Georgey Stafford is fitness manager at Bannatyne Health Club and Spa, Norwich. The club offers a range of high-intensity classes, from Les Mills classes to Speedflex. 

She explains: “Les Mills' BODYATTACK ™ is a high-energy fitness class with moves that cater for total beginners to total addicts. They combine athletic movements like running, lunging and jumping with strength exercises such as push-ups and squats.

“We also offer Speedflex which is limited across the country to specific clubs; this is an all-inclusive, high intensity, low impact class with little or no post-exercise soreness, great for those with little time and lots to do. 

“There is no doubt about the fact that exercise makes you feel good, and that is exactly what I would suggest. It gives you the opportunity to have a break from day-to-day stresses to focus on nothing other than getting that heart rate up.”

As for some general tips on how a bride-to-be can best avoid stress, Georgey says:

“My best advice would be to listen to your body, keep your diet consistent, clean and, most importantly, stay hydrated to keep that head as clear as possible. Take half an hour to an hour out of all the busy planning to go to the gym or, if more convenient, work out at home.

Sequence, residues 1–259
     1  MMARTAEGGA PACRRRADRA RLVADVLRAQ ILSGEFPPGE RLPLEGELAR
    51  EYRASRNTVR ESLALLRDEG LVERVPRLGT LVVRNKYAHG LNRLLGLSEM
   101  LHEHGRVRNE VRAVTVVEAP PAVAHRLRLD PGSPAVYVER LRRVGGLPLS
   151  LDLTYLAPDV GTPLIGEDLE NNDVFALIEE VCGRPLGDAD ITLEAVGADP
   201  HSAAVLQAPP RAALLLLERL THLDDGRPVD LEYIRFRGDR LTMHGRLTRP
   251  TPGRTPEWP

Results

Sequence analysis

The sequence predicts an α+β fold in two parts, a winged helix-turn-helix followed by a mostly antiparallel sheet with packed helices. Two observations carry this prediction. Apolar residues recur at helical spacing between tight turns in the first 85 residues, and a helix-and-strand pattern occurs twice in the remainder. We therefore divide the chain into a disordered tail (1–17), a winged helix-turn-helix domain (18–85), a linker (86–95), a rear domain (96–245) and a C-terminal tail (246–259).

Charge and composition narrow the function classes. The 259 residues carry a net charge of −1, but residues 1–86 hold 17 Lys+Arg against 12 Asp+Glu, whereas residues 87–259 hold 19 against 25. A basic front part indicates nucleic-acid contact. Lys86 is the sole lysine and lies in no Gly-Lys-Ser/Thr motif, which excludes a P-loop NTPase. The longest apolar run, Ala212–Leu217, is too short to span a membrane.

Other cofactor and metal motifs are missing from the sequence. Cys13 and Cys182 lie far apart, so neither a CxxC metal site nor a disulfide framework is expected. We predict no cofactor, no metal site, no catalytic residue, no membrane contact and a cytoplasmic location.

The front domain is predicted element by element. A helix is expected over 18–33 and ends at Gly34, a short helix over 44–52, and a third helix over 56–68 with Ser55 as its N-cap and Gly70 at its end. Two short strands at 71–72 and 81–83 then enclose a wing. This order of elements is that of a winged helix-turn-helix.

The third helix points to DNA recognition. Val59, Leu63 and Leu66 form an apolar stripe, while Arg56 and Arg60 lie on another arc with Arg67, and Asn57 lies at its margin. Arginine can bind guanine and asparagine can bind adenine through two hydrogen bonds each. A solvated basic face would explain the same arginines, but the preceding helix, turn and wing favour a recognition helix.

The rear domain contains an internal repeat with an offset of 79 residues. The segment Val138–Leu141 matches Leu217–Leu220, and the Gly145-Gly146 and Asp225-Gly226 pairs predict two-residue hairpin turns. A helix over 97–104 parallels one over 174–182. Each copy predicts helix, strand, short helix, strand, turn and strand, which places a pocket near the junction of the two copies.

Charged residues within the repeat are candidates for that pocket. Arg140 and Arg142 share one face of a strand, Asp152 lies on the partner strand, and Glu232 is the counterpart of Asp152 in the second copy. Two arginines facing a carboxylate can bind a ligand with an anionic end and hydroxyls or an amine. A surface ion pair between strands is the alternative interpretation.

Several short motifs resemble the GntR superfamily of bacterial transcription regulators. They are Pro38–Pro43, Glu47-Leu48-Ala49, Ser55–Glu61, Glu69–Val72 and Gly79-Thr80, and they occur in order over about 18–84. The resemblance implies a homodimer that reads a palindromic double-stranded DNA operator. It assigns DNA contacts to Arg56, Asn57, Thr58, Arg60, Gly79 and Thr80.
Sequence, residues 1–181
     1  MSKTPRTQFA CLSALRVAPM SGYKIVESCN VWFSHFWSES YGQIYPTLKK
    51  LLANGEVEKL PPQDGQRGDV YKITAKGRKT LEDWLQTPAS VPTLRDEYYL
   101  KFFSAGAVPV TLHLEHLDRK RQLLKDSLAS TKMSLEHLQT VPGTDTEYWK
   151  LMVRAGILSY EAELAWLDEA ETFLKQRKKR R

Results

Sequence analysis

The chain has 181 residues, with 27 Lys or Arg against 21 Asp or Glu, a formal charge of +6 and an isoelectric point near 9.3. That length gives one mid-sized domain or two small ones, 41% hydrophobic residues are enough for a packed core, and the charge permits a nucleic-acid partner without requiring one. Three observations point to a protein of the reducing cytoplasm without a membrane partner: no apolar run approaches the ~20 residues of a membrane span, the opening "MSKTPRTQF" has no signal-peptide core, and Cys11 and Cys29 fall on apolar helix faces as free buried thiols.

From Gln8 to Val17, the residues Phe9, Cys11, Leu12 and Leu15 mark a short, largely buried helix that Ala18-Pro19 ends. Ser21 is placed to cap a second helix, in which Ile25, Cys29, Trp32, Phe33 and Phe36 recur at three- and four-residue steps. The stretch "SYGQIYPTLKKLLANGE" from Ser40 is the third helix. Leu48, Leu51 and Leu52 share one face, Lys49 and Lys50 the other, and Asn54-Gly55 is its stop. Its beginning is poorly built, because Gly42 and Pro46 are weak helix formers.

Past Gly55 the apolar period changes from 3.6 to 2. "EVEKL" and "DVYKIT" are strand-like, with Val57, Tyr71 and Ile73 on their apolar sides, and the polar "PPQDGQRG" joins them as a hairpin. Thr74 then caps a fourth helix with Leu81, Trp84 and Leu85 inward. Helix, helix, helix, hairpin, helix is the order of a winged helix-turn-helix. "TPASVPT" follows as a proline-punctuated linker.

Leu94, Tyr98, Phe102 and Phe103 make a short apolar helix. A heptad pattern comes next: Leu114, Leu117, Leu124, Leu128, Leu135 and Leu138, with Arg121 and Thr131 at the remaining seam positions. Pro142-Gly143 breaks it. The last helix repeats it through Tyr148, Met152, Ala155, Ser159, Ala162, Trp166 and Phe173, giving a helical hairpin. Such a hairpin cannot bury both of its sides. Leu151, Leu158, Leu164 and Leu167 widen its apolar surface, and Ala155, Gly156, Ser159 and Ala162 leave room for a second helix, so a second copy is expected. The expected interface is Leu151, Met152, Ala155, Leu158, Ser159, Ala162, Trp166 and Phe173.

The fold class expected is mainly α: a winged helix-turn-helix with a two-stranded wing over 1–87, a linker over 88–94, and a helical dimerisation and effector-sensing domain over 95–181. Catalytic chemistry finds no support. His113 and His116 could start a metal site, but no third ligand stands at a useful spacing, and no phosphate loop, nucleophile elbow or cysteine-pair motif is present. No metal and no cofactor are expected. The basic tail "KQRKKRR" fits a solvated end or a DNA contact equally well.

“Not only will it give you that boost of endorphins, think how good you will look in that dress after all of the hard work and persistence. But just remember, in fitness, there are no short cuts. It involves discipline and hard work, just like marriage."

www.bannatyne.co.uk

2. Nutritionally

Jenna Hope is a London-based nutritionist who believes diet can play a significant role in managing anxiety. Here she offers some helpful advice for brides-to-be who may be feeling overwhelmed and anxious.

Reduce your coffee intake: If you're susceptible to anxiety issues then you may find that your coffee intake is significantly enhancing your anxiety. Research has shown that those who are susceptible to anxiety are also more sensitive to caffeine. I recommend reducing your coffee intake to one a day or swapping coffee for matcha. Matcha contains a compound called L-theanine which generates a calming effect on the brain. 

Look after your gut: Yes, this comes up in so many topics associated with nutrition but it's amazing the role the gut plays on your overall health. What we do understand is that stress and anxiety can significantly affect gut health. Opt for prebiotic and probiotic foods including: onions, apples, bananas, garlic, fermented vegetables, yoghurt and kefir to help restore good gut bacteria. 

Magnesium: Research has shown a correlation between low magnesium status and an increased risk of anxiety. Opt for foods such as green leafy vegetables, almonds/almond butter, beans, dark chocolate, banana and avocados to ensure you're getting enough magnesium in the diet. 

B-vitamins: These vitamins are essential in brain energy metabolism and to ensure adequate blood supply to the brain. As a result, some researchers have suggested that deficiencies in B-vitamins may affect the risk of mental health decline. Foods rich in B-vitamins include quinoa, buckwheat, fish, green leafy vegetables, nuts and seeds.